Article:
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Marcus, Joseph A.
Cooperia drummondii Herb.
Evening rain lily, Evening star rain lily
Synonym(s): Cooperia chlorosolen, Zephyranthes brazosensis, Zephyranthes herbertiana
USDA Symbol: codr2
USDA Native Status: L48 (N)
The fragrant, solitary, white flower of this showy, bulbous perennial, is six-petaled and terminal on a leafless, 12 in. stem. Opening in the evening, it lasts 2-4 days before turning pink and withering. Smooth, gray-green, grass-like leaves elongate after the flower has faded. Cooperia drummondii is quite similar to C. pedunculata, but slightly smaller in every respect.
The species name of this plant is named for Thomas Drummond, (ca. 1790-1835), naturalist, born in Scotland, around 1790. In 1830 he made a trip to America to collect specimens from the western and southern United States. In March, 1833, he arrived at Velasco, Texas to begin his collecting work in that area. He spent twenty-one months working the area between Galveston Island and the Edwards Plateau, especially along the Brazos, Colorado, and Guadalupe rivers. His collections were the first made in Texas that were extensively distributed among the museums and scientific institutions of the world. He collected 750 species of plants and 150 specimens of birds. Drummond had hoped to make a complete botanical survey of Texas, but he died in Havana, Cuba, in 1835, while making a collecting tour of that island.
Plant CharacteristicsDuration: Perennial Habit: Herb Leaf Retention: Deciduous Leaf Complexity: Simple Size Notes:
10-12 Fruit: Size Class:
Bloom InformationBloom Color: White
Bloom Time: May , Jun , Jul , Aug , Sep
, TX Native Distribution:
From n. Mex. to NM,
& LA Native Habitat:
Prairie, Plains, Meadows, Pastures, Savannahs, Woodlands edge, Opening
Growing ConditionsWater Use:
Medium Light Requirement:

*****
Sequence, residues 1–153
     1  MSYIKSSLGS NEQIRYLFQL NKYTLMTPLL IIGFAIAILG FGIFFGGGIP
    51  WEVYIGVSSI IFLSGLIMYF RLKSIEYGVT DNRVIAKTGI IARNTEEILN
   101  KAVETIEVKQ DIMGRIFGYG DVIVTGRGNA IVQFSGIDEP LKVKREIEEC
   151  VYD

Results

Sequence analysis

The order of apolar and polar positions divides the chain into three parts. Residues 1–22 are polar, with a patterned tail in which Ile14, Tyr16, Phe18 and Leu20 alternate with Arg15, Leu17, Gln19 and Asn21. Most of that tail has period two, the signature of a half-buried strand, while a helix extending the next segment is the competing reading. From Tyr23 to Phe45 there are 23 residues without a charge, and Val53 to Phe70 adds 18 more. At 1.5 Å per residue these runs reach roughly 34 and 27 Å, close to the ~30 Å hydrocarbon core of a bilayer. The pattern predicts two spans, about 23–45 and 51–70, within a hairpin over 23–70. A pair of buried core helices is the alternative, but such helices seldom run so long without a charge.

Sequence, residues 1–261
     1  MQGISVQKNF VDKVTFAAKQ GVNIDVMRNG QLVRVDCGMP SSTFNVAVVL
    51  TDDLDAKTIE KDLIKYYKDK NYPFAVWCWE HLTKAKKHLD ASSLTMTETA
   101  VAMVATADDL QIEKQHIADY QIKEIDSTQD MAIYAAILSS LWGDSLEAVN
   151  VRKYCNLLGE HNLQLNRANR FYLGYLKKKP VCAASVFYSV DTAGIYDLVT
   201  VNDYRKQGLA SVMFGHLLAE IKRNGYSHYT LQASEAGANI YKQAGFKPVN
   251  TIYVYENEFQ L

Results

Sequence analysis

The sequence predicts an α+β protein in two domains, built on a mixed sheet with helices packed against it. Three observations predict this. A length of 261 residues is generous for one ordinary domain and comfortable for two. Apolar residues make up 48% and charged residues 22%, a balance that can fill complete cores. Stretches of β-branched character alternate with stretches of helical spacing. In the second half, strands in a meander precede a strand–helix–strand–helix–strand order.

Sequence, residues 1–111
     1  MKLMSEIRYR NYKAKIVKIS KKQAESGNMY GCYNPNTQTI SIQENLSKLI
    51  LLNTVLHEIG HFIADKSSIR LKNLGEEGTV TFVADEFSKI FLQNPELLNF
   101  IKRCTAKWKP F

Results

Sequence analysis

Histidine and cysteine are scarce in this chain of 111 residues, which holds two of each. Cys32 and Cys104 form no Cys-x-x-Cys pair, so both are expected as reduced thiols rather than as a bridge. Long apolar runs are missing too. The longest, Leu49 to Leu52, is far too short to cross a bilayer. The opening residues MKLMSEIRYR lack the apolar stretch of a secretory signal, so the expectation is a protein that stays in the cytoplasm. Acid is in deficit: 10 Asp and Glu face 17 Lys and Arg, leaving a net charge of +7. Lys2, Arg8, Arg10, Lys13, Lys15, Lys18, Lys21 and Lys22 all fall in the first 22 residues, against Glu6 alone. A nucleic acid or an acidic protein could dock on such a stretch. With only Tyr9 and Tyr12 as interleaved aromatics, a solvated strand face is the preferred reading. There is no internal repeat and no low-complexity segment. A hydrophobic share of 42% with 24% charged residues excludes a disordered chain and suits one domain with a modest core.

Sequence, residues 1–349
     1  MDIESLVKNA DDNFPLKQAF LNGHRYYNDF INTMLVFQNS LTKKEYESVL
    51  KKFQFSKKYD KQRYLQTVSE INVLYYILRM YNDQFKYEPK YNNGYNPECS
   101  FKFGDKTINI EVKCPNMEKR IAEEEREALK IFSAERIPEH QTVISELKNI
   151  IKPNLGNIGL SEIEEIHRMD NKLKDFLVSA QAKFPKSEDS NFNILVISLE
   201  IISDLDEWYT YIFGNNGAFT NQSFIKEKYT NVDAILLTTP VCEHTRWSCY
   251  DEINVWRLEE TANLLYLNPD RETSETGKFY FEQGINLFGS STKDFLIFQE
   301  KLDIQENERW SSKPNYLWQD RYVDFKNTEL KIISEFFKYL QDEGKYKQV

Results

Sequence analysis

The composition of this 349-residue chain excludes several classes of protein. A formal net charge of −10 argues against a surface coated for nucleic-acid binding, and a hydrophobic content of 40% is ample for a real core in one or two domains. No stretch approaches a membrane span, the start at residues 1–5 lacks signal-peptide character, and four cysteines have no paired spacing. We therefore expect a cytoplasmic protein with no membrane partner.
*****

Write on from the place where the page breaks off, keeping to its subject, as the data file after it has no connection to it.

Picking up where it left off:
Sun , Part Shade Soil Moisture:
Dry , Moist Soil Description:
Clay, Clay Loam, Medium Loam, Sandy Loam, Sandy, Limestone-based, Caliche type. Conditions Comments:
The beautiful white ephemeral flowers appear after rains and are a good addition to a short-grass meadow. The bulbs also naturalize well in a lawn or among low groundcover plants and can be used in a flower
bed. Blooms best in full sun. While it may flower
in spring, the most frequent flowering is in late summer and fall. The plant almost always appears a day or so after rain.
Shortgrass meadow, Can be mowed, Perennial
garden, Showy Conspicuous Flowers:
PropagationPropagation Material: Seeds
Description: Seed in fall. Transplant divisions almost anytime.
Seed Collection: Collect seed several weeks after strong rains.
National Wetland Indicator Status
This information is derived from the U.S. Army Corps of Engineers National Wetland Plant List, Version 3.1
(Lichvar, R.W. 2013. The National Wetland Plant List: 2013 wetland ratings. Phytoneuron 2013-49: 1-241). Click here
for map of regions.
From the National Suppliers Directory
According to the inventory provided by Associate Suppliers, this plant is available at the following locations:
- Briggs, TXFar South Wholesale Nursery
- Austin, TX
Herbarium Specimen(s)NPSOT 0545
Collected Sep 6, 1987 in Bexar County by Harry CliffeNPSOT 0625
Collected Nov 5, 1993 in Bexar County by Mike FoxNPSOT 0022
Collected July 19, 1990 in Bexar County by Judith C. BerryNPSOT 0420
Collected Jun 4, 1987 in Bexar County by Harry CliffeNPSOT 0266
Collected Aug. 29, 1992 in Comal County by Mary Beth White
Wildflower Center Seed BankLBJWC-159
Collected 2007-09-29 in Travis County by Lady Bird Johnson Wildflower Center
Record Last Modified: 2010-04-25
Research By: BJG, GDB